Peace Corps Volunteers Return to Ethiopia

WASHINGTON, D.C., October 4, 2007 43 Peace Corps Volunteer trainees depart the United States this weekend for Ethiopia, officially reopening the Peace Corps/Ethiopia program.

Since the announcement of re-entry last year, Peace Corps staff have been working diligently with Ethiopian officials to get the agencys newest program up and running. We are all very excited to return to Ethiopia and renew our relationship with the people, said Peace Corps Director Ron Tschetter.

Forty-three Peace Corps Volunteers will arrive in Ethiopia next week, officially reopening the program. While all 43 will be focused on health, 30 of the group will be funded by the Presidents Plan for Emergency Relief (PEPFAR) and will collaborate directly with PEPFAR implementing organizations and the Ethiopian Ministry of Health. They will focus on three main components under PEPFAR: 1) Care and Treatment; 2) Orphan and Vulnerable Children services; and 3) Treatment, including Home Based Care services.

The group of 43 Volunteers will include six experienced Volunteers who have served in five other African countries: Burkina Faso, Lesotho, Guinea, Swaziland and Tanzania. The group also includes two 50-plus Volunteers, two married couples and an Ethiopian-American.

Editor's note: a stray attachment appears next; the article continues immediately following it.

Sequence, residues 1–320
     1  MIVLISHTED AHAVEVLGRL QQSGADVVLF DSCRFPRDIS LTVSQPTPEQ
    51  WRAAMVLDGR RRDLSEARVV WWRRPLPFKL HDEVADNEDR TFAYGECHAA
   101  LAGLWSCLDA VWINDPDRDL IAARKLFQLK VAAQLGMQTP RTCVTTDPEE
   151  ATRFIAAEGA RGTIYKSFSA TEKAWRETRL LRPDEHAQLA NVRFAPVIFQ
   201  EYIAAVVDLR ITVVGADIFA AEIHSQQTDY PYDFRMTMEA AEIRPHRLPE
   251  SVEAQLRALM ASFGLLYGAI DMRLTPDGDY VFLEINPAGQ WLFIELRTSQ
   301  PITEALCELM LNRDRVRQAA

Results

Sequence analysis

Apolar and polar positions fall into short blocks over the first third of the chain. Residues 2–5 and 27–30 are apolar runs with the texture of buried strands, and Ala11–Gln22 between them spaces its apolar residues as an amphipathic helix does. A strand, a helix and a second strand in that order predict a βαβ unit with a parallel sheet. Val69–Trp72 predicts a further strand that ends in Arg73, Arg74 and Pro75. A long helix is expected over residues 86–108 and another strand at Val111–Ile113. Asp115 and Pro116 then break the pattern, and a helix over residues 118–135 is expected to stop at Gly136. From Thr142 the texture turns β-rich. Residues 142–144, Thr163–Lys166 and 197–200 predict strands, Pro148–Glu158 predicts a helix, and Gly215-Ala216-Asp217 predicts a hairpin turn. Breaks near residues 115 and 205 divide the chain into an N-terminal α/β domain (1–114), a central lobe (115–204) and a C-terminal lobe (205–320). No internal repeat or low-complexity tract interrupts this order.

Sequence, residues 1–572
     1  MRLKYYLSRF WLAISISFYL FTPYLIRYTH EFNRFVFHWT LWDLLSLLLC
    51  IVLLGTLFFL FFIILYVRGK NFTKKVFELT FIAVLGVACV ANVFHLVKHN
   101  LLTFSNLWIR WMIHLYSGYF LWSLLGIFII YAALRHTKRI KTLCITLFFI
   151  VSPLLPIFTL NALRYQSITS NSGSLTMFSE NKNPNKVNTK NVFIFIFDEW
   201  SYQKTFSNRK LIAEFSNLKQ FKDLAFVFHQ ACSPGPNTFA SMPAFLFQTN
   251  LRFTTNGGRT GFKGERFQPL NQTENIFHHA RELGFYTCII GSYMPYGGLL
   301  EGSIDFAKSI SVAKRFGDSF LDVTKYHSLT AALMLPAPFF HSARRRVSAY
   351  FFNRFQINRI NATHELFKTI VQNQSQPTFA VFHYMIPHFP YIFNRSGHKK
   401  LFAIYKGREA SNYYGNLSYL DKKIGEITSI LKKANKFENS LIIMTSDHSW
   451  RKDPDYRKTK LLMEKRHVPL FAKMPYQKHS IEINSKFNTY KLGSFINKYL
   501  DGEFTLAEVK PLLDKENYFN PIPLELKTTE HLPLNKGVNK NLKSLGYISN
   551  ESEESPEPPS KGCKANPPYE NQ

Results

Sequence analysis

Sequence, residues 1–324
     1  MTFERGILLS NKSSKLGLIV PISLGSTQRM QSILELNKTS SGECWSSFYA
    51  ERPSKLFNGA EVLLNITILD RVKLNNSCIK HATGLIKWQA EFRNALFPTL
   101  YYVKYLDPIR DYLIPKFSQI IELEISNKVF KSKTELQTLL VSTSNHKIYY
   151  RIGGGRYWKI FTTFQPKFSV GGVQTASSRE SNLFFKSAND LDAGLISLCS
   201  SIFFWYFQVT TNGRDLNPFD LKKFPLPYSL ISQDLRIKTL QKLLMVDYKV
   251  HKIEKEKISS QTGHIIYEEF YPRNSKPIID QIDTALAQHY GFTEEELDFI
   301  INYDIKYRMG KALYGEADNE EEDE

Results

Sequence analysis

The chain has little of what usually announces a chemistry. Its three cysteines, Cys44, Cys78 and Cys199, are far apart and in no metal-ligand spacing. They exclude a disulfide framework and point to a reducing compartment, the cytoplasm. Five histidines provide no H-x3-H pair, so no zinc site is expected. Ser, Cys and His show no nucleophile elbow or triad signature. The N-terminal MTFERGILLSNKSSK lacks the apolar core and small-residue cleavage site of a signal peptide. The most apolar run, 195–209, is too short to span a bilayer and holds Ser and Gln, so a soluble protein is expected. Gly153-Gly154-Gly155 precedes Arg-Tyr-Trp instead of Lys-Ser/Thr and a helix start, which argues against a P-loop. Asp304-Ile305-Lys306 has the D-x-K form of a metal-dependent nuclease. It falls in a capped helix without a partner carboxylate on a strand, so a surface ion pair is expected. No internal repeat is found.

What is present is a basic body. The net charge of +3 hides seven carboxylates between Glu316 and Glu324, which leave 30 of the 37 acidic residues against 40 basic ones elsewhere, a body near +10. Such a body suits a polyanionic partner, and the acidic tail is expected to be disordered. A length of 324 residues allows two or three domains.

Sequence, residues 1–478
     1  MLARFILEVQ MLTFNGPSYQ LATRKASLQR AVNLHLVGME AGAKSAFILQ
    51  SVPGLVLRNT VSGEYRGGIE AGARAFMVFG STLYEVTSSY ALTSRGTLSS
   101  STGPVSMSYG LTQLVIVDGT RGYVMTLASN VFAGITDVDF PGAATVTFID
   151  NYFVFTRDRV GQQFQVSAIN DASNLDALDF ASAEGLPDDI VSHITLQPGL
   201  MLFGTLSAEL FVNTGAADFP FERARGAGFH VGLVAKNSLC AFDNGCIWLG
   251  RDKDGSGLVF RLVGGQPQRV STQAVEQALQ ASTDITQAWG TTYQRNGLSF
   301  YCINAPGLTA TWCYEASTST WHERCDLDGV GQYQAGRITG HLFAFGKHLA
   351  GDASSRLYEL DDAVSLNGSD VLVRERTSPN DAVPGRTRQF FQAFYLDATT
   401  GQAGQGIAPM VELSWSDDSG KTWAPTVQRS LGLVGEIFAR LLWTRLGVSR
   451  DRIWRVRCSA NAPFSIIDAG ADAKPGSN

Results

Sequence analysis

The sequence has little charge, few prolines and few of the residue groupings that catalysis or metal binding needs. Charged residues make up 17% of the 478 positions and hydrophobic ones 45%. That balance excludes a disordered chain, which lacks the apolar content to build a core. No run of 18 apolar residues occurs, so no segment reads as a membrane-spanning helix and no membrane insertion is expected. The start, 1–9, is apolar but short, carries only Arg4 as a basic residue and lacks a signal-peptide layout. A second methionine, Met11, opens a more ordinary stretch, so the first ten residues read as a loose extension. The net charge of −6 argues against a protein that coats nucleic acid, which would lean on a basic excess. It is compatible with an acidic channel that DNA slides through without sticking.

Ethiopia was one of the very first countries to invite Peace Corps to establish its program in 1962, just one year after the Peace Corps was founded. The primary focus of the program was on education, with the goal of training skilled workers and promoting economic development. In addition, Volunteers worked in agriculture, basic education, tourism, health, economic development and teaching English as a foreign language.

The Peace Corps remained in Ethiopia until 1977 and returned again in 1995 but suspended the program again in 2000 due to security concerns during the border war between Ethiopia and Eritrea. A total of 2,934 Peace Corps Volunteers served in Ethiopia over those years.

Since 1961, more than 187,000 Peace Corps Volunteers have helped promote a better understanding between Americans and the people of the 139 countries where Volunteers have served. Peace Corps Volunteers must be U.S. citizens and at least 18 years of age. Peace Corps service is a 27-month commitment.

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